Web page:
When I was a pastry chef’s apprentice, I got yelled at a lot. The thing I got yelled at for more than anything else was for being messy and dirty. I was nicknamed ‘Emma Catastrophe’. Not a particularly catchy nickname, but you have to imagine it said in a heavy French accent, as with my very French boss.

In a pastry kitchen you don’t even get the benefit of a dark coloured apron to hide stains; everything, including the stupid little hat and the apron, is white.

You could tell when I worked with chocolate as I had hand shaped brown smears all over. My boss was always annoyed with the mess of my workspace.

Sometimes I was trying so hard to keep up the pace and make everything I was required to that I failed to clean my bench after completing a dish before getting the ingredients for the next one out and starting on it. That resulted in some fairly serious cooking disasters, including a massive bowl full of finely sliced onion that ended up full of glass and fruit for a tart that ended up tainted with the scent of garlic.

There is a lot of rationale for the clean as you go method, which slowly but surely I learnt to adhere to. If you watch Masterchef, you hear the hosts bang on about it all the time or make snide remarks about those contestants who can’t keep their bench tidy. Unsurprisingly these are the guys that often mess up the dish that they are under pressure to prepare.

Here are some tips so you can clean as you go:

Start Clean – before you even begin cooking, wipe down surfaces, put things away and basically de-clutter. The cleaner you start, the cleaner you can be through the whole cooking process.

Put things in their place – make sure all your kitchen tools, pots, pans, ingredients etc. have a place it belongs so you always know where to find it and where to put it

Mis en place – further to putting things in their place, measure and pre-prep all your ingredients and have them ready to go before you begin cooking. It means much of the mess made and cleaned up before you add any heat to the mix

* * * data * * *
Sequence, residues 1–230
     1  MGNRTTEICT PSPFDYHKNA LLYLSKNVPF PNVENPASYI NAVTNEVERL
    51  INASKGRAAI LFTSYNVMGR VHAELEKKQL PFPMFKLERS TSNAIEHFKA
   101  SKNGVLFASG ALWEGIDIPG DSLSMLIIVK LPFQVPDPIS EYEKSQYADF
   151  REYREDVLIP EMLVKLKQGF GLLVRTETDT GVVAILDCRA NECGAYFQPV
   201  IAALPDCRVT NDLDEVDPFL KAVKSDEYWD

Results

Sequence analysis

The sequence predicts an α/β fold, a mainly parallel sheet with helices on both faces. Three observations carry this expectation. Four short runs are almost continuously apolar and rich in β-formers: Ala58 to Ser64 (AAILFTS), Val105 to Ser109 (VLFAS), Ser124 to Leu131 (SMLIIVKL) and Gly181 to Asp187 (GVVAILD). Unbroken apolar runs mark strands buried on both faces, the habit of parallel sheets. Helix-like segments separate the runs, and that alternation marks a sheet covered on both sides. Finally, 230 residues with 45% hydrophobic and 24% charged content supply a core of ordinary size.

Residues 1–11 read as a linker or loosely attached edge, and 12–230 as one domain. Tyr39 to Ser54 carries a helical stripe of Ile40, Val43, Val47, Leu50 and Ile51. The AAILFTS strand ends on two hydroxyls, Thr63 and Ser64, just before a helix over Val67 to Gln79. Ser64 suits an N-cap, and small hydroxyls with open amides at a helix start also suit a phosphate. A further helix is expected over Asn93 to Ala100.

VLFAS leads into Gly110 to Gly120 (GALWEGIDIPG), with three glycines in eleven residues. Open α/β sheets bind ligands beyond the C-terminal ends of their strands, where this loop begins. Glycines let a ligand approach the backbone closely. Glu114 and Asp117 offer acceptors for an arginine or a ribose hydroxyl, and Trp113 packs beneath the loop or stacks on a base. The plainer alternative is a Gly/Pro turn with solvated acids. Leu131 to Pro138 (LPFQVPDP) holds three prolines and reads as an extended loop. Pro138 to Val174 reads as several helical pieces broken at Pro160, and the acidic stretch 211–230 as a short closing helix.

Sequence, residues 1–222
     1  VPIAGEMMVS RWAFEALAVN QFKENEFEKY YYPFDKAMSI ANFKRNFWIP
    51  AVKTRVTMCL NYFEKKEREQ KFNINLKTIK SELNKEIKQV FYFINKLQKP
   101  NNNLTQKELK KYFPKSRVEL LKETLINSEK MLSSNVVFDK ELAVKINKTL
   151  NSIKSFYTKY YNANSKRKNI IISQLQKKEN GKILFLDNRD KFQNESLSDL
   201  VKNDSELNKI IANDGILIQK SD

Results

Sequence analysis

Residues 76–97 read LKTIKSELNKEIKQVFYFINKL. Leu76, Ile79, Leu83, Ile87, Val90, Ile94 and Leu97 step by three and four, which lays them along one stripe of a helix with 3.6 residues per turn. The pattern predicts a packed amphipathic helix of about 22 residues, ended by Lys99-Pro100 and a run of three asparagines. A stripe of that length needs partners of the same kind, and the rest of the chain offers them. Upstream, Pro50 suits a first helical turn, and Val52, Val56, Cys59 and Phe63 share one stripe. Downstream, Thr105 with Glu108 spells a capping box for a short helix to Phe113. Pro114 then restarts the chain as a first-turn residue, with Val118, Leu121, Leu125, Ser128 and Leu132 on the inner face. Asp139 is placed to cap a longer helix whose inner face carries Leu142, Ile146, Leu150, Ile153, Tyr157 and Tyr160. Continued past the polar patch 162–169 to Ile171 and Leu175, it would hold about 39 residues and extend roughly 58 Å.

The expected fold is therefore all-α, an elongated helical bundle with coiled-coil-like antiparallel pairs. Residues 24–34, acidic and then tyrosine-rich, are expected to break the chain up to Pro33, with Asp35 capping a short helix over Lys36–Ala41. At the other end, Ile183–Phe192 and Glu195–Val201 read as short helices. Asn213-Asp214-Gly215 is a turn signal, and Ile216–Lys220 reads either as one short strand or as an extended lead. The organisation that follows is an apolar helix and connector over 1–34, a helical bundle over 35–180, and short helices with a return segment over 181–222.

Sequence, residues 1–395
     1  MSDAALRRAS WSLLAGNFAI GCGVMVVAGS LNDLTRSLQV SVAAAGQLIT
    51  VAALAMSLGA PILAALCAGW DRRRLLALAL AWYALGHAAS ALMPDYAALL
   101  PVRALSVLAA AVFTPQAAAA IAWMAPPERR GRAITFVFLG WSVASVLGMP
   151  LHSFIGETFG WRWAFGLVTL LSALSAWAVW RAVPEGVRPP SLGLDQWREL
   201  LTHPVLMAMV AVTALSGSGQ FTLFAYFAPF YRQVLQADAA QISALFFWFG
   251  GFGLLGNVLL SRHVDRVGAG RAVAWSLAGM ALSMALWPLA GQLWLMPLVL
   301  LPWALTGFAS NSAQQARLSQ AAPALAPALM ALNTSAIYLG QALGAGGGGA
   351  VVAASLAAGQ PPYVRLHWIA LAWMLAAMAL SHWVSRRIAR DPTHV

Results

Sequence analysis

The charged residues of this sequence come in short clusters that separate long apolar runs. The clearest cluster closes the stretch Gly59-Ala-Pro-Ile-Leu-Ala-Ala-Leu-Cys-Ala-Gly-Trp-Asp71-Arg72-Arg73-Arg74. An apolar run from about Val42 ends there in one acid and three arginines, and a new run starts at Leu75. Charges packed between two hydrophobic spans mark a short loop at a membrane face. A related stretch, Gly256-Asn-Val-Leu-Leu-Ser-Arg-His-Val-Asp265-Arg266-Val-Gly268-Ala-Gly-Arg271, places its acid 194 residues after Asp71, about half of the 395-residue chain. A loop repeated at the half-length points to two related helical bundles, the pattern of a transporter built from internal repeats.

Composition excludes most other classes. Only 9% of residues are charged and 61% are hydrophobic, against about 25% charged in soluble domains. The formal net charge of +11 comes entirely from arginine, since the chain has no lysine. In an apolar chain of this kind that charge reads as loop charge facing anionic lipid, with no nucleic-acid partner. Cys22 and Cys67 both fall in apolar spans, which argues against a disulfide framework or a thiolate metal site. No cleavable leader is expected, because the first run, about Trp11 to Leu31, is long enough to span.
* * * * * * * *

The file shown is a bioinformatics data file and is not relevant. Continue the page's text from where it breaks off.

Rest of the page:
Discard the rubbish – don’t let plastic packaging, vegetable peels and skins build up in your workspace. As soon as you’re done with it, toss it in the bin, compost or containers for later use. Built up mess creates stress in your mind.

Clean it, dry it, re-use it – to prevent a build-up of pots, colanders, knives, mixing bowls etc. start getting into the process of cleaning it as soon as you’re done with it. A quick scrub with soap and hot water, a hot rinse and a dry with a tea towel and it is ready to use again. Definitely do this with anything that has touched onion, garlic or raw meat to prevent bad smell and bacteria build up.

Refresh your preparation surface – Wipe down your bench after every task. The cleaner and drier the surface, the safer and cleaner you’re going to be in the next step. Chefs clean their chopping boards, refresh the tea towel under their chopping board and scrub clean their bench before attempting another task.

Carry a tea towel with you everywhere – you see chefs with a tea towel or several hanging from their apron strings because you need one all the time. For drying your hands, drying tools, a quick wipe down or for using in lieu of a oven mitt (which you’ll hardly see in a commercial kitchen)

One hand for messy things – use your non-knife hand for handling smelly ingredients or meat or fish. It means you’ll always have one hand that can touch other ingredients without tainting them and without having to wash your hands all the time. Although you should wash your hands after touching meat or fish or prevent cross-contamination between ingredients

Work from left to right (or right to left if you’re left handed) – have a direction for working. Hand things to be prepped on one side, your chopping board in the middle and the results on the other side. Make sure you follow the same direction for every process to prevent confusion and to develop a work flow.

Always think ahead– one of the overarching thought processes that help a chef manage to do these tasks is that a chef is always thinking ahead. As they prepare one dish, they are running through their head the tasks that must be completed next.

For example, as you prepare a chicken for roasting, think about the side dishes that need to be prepped, how much cooking time they need, how this fits in with the timing of cooking the chicken, what ingredients need to be retrieved from the fridge and pantry, what utensils and pots and pans will be needed etc.

Fewer trips to the fridge are made as all the necessary ingredients are retrieved, for fewer trips back and forth which means less time wasted a more conscious approach to the task at end and less energy expended unnecessarily. When you’re doing a lot of cooking, this sort of thing makes a huge difference.

One of the best things about working clean is that when you’ve finished cooking, the rest of the dishes and any jobs you have to do are fairly minimal. Your mind won’t linger over the mess in the kitchen as you share your hard-work with your family.

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